The next question comes from Kunal Madhukar of Deutsche Bank. Please go ahead.
Hi. Thanks for taking the question. I’m curious about the guide especially insofar as you extend April – the 9% growth in April through the rest of the months, you actually see a bit of sequentially flat revenue for 2Q. So I was wondering what the assumptions were as far as the guidance is concerned? And a quick one on the February growth which was like 23% ex-FX, that is reminiscent of the growth that you had in the second and third quarter of last year before the Apple iOS kind of impacted. So is that the kind of run rate we should be kind of thinking of on a more normalized basis? Thanks.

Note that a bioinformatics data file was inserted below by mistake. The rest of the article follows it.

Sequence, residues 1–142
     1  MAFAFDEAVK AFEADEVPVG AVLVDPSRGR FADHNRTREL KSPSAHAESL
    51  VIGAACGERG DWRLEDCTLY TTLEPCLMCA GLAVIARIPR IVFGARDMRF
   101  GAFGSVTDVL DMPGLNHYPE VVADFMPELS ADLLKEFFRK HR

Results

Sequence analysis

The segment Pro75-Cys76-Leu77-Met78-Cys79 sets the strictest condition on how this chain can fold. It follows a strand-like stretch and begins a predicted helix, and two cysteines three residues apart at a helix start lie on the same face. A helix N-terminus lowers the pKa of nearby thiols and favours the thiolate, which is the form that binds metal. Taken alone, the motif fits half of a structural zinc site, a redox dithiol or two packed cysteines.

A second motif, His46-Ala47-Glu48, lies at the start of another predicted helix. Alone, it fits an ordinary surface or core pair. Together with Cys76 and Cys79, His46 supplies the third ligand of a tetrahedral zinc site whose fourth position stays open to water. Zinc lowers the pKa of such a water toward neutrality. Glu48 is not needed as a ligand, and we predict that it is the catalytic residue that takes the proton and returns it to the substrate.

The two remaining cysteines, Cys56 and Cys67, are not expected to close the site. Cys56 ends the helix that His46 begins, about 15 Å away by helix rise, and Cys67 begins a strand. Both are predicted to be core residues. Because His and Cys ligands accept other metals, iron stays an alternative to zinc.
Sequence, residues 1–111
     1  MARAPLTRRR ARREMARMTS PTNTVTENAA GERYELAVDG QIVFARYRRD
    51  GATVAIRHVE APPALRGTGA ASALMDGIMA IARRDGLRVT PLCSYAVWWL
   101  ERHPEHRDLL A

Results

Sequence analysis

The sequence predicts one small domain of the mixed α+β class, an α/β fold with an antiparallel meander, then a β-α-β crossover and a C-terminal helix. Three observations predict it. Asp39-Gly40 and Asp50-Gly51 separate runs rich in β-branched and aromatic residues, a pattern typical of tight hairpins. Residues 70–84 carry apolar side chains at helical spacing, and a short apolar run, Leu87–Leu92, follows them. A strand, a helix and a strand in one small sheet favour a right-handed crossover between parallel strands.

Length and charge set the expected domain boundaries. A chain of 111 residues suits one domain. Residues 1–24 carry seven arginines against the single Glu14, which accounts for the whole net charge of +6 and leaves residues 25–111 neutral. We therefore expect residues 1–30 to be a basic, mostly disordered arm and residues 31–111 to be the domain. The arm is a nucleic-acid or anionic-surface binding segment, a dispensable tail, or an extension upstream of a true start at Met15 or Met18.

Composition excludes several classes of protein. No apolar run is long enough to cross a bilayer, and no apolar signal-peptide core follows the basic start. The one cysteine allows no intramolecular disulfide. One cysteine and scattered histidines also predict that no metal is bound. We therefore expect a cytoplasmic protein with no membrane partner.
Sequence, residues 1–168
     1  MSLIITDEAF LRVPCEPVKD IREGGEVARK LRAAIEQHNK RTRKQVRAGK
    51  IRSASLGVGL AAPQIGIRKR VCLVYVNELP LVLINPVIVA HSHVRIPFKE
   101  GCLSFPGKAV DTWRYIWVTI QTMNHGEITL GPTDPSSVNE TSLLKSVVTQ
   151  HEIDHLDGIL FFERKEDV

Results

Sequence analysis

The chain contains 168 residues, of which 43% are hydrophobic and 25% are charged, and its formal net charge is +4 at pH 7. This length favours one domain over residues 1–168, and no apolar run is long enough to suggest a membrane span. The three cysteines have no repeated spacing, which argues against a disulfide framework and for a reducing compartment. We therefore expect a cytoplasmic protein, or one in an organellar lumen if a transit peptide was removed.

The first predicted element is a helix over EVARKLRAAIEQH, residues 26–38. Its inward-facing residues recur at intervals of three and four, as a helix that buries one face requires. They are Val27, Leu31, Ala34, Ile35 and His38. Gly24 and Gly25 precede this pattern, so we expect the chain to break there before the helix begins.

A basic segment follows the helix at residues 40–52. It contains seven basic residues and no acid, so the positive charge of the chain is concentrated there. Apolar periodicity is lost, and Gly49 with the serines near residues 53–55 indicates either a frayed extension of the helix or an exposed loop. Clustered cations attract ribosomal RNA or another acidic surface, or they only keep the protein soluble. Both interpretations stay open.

Okay. Let me try to take those and just again Shar certainly if you’d like to jump in, please do. I think on the guide in terms of kind of the impact on revenue for the quarter given what we showed you that we did in April, I just think there’s – it’s important to understand the dynamics of this subscription business. Things that have happened in March and April around new users, which we’ve said, have been tougher around first-time subscribers which were down in March and have recovered some in April will affect – we’ll feel those effects through the quarter. So you can’t just look at kind of that one month in isolation. We’re going to feel those effects because obviously the duration of a subscriber is multiple months. And so the impact of what we’re able to see from a new users sign ups perspective and a first-time subscriber perspective affect us through the quarter. So we’ll see how the rest of the quarter plays out, but our view on the quarter is obviously very much informed by April. In general, we looked at the trends that we saw across the businesses. We looked at them in March. We looked at them in April to try to get a sense of what the virus was doing. Obviously, there was some improvement in April. We tried to then kind of go brand by brand and make some adjustments for what we expect to see in May and June as a result of the trends that we had seen in these brands once the pandemic really got going in March and April. And so that’s where there’s a little bit of uncertainty. But in aggregate, we’re sort of assumed that the April levels kind of flow through the rest of the quarter, but we did go brand-by-brand and tried to figure that out. And again, that’s where guiding is a little challenging in this kind of market because the trends have moved around week to week to a pretty significant extent and predicating them through the rest of the quarter is not easy. But given that we’re probably through the quarter and given the recurring nature of our business, we’re able to give you a pretty good sense of where we think things are going to come out. But we did say, I think absent significant changes from April, this is kind of what the quarter looks like. So that’s how we’ve kind of factored that through the guide. And then in terms of kind of our longer-term expectations, I don’t think anything has really changed. We’ve always thought of trying to drive a business that could grow in that kind of 15% to 20% range, mid high teens range if you want to think of it that way, from a top line basis. And nothing has shaken our faith in our business that we don’t think we can continue to grow like that once we start to get back to kind of “more normal times.” I don’t know exactly when that’s going to be or what normal is really going to be like. But we still believe the business should be able to do that once we get there. Again, it’s important to remember the dynamics of the subscription business. If we’re having these softer impacts through the rest of this year or 2020 is affected by what’s going on, that will linger into 2021 to some extent. So there will be a period of time that it’s going to take to kind of recover and dig back from the softness that’s created this year from the virus. That’s the nature of the subscription business, so it won’t bounce back right away but longer term we remain confident in being able to drive a business that grows at the same rates that we’ve always talked about. Nothing has shaken our confidence in that at all.